Air Iceland Connect to Expand Operations in Greenland

Air Iceland Connect (AIC) plans on expanding its flight network in Greenland once new airports are opened in the country, RÚV reports. Representatives of AIC expect significant growth within the Greenlandic tourism sector with the advent of the new and improved airports, which are expected to be operational in four to five years.

In an interview with the Greenlandic newspaper Sermitsiaq, Árni Gunnarsson, CEO of Air Iceland Connect, stated that Greenland was a key market for Air Iceland Connect. Árni did not provide further details regarding the company’s expansions of flight routes: such plans will not be finalised until 2022. “However, we do intend to expand our flight routes in Greenland once the new airports are operational.”

According to Árni, the airports will make travelling to Greenland easier, which will, in turn, serve to bolster tourism in the country. Asked whether AIC plans on offering domestic flights in Greenland, Árni was ambiguous: “We haven’t looked into it. It’s not part of our current plan. But as far as what could happen in four or five years’ time, I’m not willing to predict.”

Male Residents of Iceland Outnumber Females by 10,000

Iceland’s population grew by 27 inhabitants per day on average in July, August, and September, according to a new report by Statistics Iceland.

At the end of the third quarter, Icelandic residents totalled 362,860 – an increase of 2,470 in just three months. The increase is attributable to a greater number of births than deaths (1,250 children were born whereas 540 individuals passed away in the third quarter) and to a greater number of individuals immigrating to Iceland as opposed to emigrating. Icelandic citizens who moved abroad outnumbered Icelandic citizens returning to Iceland by 220; however, foreign citizens moving to Iceland outnumbered those moving away by 1,770.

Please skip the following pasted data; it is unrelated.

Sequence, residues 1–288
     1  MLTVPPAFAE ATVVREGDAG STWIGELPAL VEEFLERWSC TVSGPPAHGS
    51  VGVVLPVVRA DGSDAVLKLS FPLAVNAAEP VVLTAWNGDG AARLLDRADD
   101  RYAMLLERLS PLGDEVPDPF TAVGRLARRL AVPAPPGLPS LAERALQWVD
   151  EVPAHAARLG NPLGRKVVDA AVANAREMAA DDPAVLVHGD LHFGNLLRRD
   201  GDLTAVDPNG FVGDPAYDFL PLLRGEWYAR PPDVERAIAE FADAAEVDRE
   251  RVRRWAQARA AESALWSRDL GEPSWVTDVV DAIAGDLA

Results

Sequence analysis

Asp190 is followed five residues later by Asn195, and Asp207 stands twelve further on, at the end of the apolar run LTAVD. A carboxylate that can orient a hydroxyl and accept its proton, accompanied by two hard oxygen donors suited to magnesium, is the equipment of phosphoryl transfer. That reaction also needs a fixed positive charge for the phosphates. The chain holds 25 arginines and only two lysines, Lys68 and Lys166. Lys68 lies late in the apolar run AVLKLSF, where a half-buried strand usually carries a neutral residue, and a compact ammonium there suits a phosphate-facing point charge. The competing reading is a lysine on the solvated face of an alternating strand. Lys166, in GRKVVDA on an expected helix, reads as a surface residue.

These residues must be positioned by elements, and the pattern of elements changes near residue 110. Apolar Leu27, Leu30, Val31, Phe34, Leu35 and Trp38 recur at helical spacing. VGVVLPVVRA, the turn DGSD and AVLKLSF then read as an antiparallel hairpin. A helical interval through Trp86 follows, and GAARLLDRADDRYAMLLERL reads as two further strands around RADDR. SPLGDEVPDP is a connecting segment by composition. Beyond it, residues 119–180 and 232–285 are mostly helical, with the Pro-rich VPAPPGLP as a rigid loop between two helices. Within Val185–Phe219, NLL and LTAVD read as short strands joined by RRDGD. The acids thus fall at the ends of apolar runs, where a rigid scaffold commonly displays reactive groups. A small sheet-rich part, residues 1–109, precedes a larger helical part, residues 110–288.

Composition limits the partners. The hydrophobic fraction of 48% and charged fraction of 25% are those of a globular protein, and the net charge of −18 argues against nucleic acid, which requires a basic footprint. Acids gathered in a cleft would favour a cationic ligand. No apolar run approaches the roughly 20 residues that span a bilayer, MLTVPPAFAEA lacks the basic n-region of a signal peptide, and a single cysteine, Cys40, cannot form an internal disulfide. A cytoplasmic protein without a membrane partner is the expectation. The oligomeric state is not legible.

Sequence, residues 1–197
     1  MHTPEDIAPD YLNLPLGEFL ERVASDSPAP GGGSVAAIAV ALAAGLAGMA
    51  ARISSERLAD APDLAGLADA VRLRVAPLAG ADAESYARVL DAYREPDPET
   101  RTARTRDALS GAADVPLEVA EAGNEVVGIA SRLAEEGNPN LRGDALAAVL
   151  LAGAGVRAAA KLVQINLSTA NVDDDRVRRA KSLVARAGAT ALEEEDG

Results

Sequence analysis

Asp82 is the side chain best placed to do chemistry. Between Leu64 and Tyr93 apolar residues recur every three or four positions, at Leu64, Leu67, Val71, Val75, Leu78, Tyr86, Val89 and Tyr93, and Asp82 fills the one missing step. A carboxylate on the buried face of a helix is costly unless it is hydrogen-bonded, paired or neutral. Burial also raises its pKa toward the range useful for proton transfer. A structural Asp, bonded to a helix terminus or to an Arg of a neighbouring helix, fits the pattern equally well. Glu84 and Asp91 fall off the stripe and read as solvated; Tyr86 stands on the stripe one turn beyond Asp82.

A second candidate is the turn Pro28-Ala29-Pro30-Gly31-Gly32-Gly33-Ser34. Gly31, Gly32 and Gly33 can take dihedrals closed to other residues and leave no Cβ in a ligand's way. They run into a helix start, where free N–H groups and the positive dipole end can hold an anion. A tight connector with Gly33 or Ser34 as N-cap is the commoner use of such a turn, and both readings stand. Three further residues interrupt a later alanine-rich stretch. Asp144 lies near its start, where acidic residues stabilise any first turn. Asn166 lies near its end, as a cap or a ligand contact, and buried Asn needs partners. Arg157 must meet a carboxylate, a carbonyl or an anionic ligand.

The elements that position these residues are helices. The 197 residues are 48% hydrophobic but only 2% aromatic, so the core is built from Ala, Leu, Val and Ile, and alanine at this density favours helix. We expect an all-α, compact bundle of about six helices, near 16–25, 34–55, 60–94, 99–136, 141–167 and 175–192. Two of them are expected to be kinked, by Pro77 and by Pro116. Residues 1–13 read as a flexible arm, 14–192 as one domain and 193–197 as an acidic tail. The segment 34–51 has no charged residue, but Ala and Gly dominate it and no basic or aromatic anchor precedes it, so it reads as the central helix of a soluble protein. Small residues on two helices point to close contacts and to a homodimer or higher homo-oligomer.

The report also indicates that male residents of Iceland outnumber females by approximately 10,000 – 186,220 compared to 176,640. The gap between the genders has widened recently; three months ago, male residents outnumbered females by only 9,000. According to Þorbjörg Magnúsdóttir of Statistics Iceland, the gap may be largely explained by the fact that a greater number of male foreign citizens are working in Iceland as opposed to women.

Denmark was the most popular destination among emigrating Icelanders (500 Icelanders moved to Denmark during the third quarter). Of the 1,150 Icelandic citizens who moved abroad, 880 relocated to Denmark, Norway, and Sweden. At the same time, Poland was the most popular destination among emigrating foreign citizens (a total of 370 out of 1,280).

13.4% of Icelandic inhabitants are foreign citizens or 48,640 in total.

Separation of Church and State Inevitable

The eventual separation of church and state is inevitable, writes Minister of Justice Áslaug Arna Sigurbjörnsdóttir in an op-ed in Morgunblaðið this morning. The Church of Iceland is fully capable of executing its duties independent of the state.

Iceland’s 1874 constitution guarantees religious freedom, but also specifies that the “Evangelical Lutheran Church is a national church and as such it is protected and supported by the State.” This provision was retained in the constitution of the Republic of Iceland of 1944.